The fact both brothers were attractive was cited by many as being one of the reasons that authorities were slow to see Lyle and Erik as suspects in the horrific murders. We can’t know for sure, of course, but from all reports, the two were considered cool with the ladies during their high school days. Lyle, in particular, was known to be popular with the opposite sex. The murders cut all that short, obviously, but love seems to have found the pair even in prison. Erik has been married to a woman named Tammi Saccoman, whom he met as a pen pal in 1999. She told People magazine in an interview, “My family does not understand. When it started to get serious, some of them just threw up their hands.” Lyle has been married twice, first in 1996, and more recently, in 2003, to magazine editor Rebecca Sneed. California State Law doesn’t allow inmates serving life sentences to have conjugal visits, so the marriages have only involved holding hands and hugging during visits.
1. Split Apart
After a childhood and teen years in a dysfunctional, toxic, and eventually murderous relationship, the two brothers have not seen each other since 1996 and will likely never set eyes on each other again. As per California State regulations, the co-murderers will forever be housed in separate facilities. Lyle Menendez is serving two consecutive life prison terms at the Mule Creek State Prison near Sacramento. Erik is likewise serving two consecutive life sentences at the Pleasant Valley State Prison in Fresno County. Reports claim the two brothers now only communicate by mail, playing chess games by mailing each other the next moves. It’s a long game, but when you have all the time in the world, why rush?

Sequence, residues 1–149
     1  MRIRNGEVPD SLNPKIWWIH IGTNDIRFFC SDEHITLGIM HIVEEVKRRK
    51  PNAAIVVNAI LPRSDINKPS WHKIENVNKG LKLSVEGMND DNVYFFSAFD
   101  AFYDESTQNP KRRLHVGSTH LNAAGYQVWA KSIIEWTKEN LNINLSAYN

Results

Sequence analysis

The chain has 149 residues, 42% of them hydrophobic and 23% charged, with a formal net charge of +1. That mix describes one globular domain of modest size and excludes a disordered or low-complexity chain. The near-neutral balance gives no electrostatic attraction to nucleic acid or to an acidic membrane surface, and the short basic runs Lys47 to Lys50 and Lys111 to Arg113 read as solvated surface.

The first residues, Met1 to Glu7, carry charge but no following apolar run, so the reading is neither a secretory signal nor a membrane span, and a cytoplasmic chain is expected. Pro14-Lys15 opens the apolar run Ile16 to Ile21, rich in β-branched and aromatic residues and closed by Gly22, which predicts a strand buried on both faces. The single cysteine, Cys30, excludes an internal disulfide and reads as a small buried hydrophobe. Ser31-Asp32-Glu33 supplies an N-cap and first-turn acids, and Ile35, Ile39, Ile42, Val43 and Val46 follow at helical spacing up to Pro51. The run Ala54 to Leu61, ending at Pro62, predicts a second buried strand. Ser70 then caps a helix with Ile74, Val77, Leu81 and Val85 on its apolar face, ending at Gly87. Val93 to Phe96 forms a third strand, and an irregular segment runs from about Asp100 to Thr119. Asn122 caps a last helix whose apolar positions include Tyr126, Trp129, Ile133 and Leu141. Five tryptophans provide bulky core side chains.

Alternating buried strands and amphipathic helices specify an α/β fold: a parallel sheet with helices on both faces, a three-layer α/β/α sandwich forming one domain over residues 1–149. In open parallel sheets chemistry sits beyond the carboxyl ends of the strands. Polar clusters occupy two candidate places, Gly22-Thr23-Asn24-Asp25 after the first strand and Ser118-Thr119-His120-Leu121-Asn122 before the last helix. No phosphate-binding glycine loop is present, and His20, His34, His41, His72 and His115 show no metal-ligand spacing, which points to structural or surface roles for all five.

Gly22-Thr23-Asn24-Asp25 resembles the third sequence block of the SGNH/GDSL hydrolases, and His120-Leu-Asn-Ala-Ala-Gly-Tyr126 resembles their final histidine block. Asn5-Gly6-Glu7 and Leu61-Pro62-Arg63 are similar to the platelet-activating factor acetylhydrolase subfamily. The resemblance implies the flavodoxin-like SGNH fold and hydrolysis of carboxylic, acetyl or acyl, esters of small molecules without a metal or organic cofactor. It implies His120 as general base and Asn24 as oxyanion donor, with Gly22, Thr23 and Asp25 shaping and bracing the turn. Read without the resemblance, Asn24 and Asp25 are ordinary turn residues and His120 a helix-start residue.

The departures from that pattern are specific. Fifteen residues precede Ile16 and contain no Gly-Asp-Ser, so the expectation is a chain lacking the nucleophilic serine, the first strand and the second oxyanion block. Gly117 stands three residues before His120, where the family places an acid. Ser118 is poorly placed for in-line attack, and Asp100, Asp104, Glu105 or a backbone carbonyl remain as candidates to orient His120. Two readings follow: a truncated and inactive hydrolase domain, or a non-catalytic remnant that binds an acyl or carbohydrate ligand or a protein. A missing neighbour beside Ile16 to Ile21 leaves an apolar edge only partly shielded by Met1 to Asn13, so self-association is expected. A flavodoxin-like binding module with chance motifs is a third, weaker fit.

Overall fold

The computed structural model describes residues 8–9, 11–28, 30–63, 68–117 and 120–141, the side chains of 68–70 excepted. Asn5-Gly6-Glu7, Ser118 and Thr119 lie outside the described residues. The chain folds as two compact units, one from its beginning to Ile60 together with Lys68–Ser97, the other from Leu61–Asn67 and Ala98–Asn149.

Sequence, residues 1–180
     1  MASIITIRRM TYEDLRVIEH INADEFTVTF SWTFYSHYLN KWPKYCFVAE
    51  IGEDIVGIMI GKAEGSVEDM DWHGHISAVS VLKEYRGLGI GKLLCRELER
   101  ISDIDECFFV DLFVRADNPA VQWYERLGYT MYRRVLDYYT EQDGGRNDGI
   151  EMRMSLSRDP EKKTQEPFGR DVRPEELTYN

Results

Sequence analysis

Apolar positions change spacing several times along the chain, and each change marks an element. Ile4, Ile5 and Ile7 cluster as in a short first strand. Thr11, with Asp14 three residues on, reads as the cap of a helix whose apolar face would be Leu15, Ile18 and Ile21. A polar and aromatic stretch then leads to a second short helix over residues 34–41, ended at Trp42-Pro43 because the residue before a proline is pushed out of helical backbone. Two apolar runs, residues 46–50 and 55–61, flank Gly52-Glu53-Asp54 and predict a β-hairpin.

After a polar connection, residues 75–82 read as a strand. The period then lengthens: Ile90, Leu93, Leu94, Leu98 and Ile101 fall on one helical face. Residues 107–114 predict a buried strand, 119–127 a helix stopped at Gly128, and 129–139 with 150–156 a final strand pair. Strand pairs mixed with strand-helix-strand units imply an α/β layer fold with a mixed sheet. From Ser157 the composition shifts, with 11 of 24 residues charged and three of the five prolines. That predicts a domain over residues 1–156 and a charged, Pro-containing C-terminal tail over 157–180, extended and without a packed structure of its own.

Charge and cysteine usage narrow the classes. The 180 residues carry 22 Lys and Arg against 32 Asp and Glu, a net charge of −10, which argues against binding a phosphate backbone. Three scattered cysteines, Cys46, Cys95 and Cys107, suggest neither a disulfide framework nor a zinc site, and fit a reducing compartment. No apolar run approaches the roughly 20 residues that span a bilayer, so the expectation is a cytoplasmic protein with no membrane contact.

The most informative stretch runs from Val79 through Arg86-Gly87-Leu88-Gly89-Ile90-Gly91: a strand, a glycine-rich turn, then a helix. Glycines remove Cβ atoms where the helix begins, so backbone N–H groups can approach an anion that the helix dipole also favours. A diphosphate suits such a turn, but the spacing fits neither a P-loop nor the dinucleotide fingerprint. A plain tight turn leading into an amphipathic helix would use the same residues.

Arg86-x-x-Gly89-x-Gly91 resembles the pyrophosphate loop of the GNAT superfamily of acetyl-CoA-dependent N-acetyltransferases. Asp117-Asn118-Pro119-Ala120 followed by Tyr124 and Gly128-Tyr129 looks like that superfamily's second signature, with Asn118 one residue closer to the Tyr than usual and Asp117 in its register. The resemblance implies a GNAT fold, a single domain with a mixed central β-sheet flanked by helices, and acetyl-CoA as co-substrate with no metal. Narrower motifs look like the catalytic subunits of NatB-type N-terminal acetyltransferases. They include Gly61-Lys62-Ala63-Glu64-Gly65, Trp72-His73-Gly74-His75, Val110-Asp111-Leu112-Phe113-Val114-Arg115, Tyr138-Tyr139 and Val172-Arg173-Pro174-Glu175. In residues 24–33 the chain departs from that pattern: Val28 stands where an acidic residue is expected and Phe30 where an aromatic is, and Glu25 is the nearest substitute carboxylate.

- Ad Free Browsing
- Over 10,000 Videos!
- All in 1 Access
- Join For Free!